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Global Climate Change DigestArchives of the
Global Climate Change Digest

A Guide to Information on Greenhouse Gases and Ozone Depletion
Published July 1988 through June 1999



Item #d88dec1

Scientists, government officials and representatives of chemical companies and nongovernmental groups met in The Hague, The Netherlands in late October 1988. Organized by the World Meteorological Organization and United Nations Environment Program (UNEP), the international group reviewed the latest scientific information on stratospheric ozone depletion and technical progress in developing commercial substitutes for chlorofluorocarbons. Also discussed were procedures and documentation necessary for implementing the Montreal Protocol on Substances That Deplete the Ozone Layer, signed in September 1987 and nearing ratification. (See Global Climate Change Digest, NEWS, Sep. 1988.) Major outcomes were scientific support for strengthening the CFC reductions to at least 85 percent compared to the 50 percent currently specified under the protocol, and acceleration by about a year of the tipulated schedule for revising the protocol timetable based on new scientific evidence. Further coverage may be found in the following articles:

"UNEP Head Says CFC Cut of 85 Percent Needed to Decrease Atmospheric Chlorine," BNA Internat. Environ. Reporter, pp. 581-584, Nov. 9, 1988. Includes interviews with UNEP Executive Director Mostafa Tolba and others, and covers European Community ratification of the protocol, technical developments on substitutes for refrigeration and electronics applications, treatment of halons, and consideration of developing countries. The UNEP plan for assessing the efficacy of control measures anticipates an April 1989 meeting of a multi-disciplinary panel, which will review assigned reports on science, technology, economics and technology. By August 1989 the panel will report on the efficacy of control measures and possibly recommend modifications.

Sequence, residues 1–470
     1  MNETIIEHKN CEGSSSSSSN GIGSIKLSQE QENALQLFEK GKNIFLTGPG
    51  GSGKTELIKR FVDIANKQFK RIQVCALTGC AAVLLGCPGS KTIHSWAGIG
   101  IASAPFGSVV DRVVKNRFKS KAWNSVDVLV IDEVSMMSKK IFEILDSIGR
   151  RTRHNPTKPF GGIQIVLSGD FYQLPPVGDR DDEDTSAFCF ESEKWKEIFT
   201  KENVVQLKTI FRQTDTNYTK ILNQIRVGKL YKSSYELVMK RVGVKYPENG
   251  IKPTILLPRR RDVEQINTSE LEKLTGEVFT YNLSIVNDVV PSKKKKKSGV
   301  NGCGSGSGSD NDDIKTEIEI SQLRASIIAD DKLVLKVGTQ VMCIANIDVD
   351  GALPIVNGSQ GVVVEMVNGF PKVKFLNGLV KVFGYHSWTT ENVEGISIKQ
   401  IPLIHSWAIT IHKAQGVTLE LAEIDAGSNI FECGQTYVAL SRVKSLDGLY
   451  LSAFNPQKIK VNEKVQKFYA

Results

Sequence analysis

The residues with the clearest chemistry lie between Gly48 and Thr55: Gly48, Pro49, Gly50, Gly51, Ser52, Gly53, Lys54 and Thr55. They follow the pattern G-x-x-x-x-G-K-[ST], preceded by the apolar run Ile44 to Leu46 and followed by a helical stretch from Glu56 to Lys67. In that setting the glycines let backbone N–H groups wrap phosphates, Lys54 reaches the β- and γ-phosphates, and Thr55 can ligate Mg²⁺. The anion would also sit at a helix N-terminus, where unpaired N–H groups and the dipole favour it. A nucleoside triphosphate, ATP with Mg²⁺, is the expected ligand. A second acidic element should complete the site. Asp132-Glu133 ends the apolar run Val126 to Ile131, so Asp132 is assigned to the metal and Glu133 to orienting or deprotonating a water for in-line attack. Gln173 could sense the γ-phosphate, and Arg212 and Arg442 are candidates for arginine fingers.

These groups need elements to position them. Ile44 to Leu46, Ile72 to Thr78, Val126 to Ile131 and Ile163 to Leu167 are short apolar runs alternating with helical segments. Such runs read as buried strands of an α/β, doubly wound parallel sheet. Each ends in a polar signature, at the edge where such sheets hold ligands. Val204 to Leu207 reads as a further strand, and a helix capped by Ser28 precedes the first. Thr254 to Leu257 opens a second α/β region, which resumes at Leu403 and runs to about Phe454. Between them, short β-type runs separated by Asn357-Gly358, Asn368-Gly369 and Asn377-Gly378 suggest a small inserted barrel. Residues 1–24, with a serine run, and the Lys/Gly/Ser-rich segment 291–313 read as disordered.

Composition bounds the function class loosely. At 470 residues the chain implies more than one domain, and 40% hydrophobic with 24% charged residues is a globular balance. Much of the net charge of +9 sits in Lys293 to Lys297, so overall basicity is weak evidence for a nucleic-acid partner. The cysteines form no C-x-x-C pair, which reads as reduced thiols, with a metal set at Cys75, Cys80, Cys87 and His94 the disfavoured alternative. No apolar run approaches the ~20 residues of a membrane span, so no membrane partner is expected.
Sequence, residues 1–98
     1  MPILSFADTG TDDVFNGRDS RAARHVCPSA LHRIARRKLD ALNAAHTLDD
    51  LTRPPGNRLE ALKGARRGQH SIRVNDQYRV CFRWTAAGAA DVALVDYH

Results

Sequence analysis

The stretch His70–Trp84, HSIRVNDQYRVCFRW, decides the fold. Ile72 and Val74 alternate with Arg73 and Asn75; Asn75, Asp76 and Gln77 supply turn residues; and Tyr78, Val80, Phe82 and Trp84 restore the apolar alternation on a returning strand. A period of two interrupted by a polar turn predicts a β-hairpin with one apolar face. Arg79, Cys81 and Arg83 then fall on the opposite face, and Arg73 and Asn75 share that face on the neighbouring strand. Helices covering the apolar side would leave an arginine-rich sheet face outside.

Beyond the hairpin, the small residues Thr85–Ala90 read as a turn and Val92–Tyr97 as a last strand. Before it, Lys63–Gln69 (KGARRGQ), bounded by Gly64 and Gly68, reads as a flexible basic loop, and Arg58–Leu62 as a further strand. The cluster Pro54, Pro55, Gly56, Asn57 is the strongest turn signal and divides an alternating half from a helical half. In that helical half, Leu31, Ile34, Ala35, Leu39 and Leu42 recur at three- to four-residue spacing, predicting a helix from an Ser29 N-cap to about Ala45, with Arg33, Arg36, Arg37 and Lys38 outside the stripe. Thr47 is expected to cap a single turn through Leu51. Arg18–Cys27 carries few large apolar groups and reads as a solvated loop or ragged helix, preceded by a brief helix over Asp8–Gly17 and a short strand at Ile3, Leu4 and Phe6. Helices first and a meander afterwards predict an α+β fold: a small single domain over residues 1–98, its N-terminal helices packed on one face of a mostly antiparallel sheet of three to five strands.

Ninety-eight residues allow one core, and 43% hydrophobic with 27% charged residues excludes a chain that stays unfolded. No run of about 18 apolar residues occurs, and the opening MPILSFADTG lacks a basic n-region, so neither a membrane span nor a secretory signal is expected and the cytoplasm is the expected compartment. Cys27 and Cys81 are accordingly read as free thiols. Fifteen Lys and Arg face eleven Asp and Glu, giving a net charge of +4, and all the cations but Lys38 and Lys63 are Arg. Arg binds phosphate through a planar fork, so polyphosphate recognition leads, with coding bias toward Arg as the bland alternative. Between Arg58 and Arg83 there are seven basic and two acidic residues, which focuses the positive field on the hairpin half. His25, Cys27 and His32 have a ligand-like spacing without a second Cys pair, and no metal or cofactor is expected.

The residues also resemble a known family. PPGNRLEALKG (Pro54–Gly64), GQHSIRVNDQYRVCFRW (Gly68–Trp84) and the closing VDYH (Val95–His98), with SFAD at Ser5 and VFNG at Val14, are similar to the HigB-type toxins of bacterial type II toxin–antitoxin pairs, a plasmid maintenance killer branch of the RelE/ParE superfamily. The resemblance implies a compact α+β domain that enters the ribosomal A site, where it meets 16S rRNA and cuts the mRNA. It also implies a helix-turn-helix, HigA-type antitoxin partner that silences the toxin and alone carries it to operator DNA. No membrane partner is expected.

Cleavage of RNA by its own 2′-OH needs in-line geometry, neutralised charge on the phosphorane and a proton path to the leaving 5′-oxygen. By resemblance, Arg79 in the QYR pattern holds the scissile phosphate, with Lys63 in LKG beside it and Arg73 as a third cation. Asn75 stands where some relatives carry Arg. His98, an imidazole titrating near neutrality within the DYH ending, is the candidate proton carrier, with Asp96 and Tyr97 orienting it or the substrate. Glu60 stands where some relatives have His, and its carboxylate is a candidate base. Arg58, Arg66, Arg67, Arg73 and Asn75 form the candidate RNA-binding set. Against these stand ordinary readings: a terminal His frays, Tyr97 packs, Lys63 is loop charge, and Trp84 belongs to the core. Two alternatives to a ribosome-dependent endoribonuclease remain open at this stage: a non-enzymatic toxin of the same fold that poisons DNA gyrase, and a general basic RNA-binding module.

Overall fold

"Now It Makes Business Sense to Save the Ozone Layer," D. MacKenzie, New Scientist, p. 25, Oct. 25, 1988. Increased enthusiasm among chemical companies for safer substitutes probably stems from the changed market outlook provided by the Montreal protocol. A surprise at the Hague conference was Britain's abrupt policy change. (See next item.)

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